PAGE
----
Haddek turned away from the gasping Sazed. And then, in a loud voice, yelled something. “The Resolution has come!”

Above him, TenSoon jerked. Something within the kandra seemed to be fighting—tradition and a lifetime of training warred against the control of an outside force. TenSoon released Sazed with one hand, but kept choking him with the other. Then, with his free hand, the kandra reached toward his own shoulder.

Sazed blacked out.

The kandra people always said they were of Preservation, while the koloss and Inquisitors were of Ruin. Yet, the kandra bore Hemalurgic spikes, just like the others. Was their claim, then, simple delusion?

No, I think not. They were created by the Lord Ruler to be spies. When they said such things, most of us interpreted that as meaning he planned to use them as spies in his new government, because of their ability to imitate other people. Indeed, they were used for this purpose.

But I see something much more grand in their existence. They were the Lord Ruler’s double agents, planted with Hemalurgic spikes, yet trusted—taught, bound—to pull them free when Ruin tried to seize them. In Ruin’s moment of triumph, when he’d always assumed the kandra would be his on a whim, the vast majority of them immediately switched sides and left him unable to seize his prize.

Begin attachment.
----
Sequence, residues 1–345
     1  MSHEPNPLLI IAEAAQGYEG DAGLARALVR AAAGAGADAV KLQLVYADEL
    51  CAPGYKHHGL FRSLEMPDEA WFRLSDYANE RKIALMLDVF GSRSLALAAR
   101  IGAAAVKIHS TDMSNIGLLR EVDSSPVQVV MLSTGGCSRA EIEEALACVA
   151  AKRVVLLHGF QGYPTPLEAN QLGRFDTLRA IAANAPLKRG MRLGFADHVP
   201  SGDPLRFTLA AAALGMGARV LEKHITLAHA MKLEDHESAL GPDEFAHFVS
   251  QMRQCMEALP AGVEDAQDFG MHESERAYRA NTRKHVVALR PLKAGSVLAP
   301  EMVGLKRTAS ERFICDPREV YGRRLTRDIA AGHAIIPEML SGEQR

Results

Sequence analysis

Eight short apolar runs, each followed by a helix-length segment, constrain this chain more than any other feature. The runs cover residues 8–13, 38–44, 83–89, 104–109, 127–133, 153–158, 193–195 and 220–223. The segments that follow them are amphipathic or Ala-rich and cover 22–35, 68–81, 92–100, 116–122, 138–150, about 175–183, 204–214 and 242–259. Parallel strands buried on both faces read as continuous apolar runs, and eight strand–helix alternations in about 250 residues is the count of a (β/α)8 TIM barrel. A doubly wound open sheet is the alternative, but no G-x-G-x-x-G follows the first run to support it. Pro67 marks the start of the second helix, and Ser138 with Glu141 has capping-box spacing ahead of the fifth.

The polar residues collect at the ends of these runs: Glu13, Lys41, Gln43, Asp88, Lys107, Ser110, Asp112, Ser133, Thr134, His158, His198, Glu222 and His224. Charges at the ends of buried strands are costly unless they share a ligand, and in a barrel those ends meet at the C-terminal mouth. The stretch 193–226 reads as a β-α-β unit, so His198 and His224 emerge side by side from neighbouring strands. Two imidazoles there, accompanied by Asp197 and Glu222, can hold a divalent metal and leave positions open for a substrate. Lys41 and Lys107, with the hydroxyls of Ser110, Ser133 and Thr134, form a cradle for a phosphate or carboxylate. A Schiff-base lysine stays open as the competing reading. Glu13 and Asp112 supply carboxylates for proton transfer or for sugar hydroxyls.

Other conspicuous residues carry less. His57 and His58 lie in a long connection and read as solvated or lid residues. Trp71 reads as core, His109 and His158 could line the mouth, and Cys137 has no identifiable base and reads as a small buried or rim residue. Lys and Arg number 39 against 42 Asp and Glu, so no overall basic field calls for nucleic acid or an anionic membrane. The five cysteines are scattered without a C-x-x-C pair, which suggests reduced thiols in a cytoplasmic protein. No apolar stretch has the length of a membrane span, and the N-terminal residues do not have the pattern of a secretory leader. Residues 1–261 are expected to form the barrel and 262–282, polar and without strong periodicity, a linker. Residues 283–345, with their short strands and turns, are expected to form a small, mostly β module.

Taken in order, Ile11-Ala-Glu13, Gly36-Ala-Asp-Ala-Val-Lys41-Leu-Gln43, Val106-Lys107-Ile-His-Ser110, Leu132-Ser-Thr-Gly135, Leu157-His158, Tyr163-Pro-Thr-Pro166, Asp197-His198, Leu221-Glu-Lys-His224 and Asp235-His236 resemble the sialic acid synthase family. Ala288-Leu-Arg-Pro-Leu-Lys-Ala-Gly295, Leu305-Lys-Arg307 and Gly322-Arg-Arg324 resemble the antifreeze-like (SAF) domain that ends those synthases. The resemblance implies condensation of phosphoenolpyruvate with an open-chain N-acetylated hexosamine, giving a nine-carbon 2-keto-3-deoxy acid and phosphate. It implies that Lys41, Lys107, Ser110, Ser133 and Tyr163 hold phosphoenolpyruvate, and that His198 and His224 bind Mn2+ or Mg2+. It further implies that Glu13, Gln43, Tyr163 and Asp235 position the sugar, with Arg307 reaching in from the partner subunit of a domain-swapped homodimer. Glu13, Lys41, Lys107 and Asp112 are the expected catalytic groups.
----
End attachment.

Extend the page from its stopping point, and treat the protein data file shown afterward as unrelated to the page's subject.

They were of Preservation all along.


“THE TERRISMEN DID A GOOD job with this place, my lord,” Demoux said.

Elend nodded, walking through the quiet nighttime camp with hands clasped behind his back. He was glad he’d stopped to change into a fresh white uniform before leaving Fadrex. As it was supposed to, the clothing attracted attention. The people seemed to take hope simply from seeing him. Their lives had been cast into chaos—they needed to know that their leader was aware of their situation.

“The camp is enormous, as you can see,” Demoux continued. “Several hundred thousand people now live here. Without the Terrismen, I doubt that the refugees would have survived. As it is, they managed to keep sickness to a minimum, to organize crews to filter and bring fresh water to the camp, and to distribute food and blankets.”

Demoux hesitated, glancing at Elend. “Food is running out, however,” the general said quietly. Apparently, when he’d discovered that Penrod was dead and that most of Luthadel’s population was at the Pits, he decided to keep his men there to help.

They passed another campfire, and the people there rose. They watched Elend and his general with hope. At this campfire, Demoux stopped as a young Terris-woman approached and handed him and Elend some warm tea to drink. Her eyes lingered fondly on Demoux, and he thanked her by name. The Terris people were affectionate toward Demoux—they were thankful to him for bringing soldiers to help organize and police the mass of refugees.

The people needed leadership and order in these times. “I shouldn’t have left Luthadel,” Elend said quietly.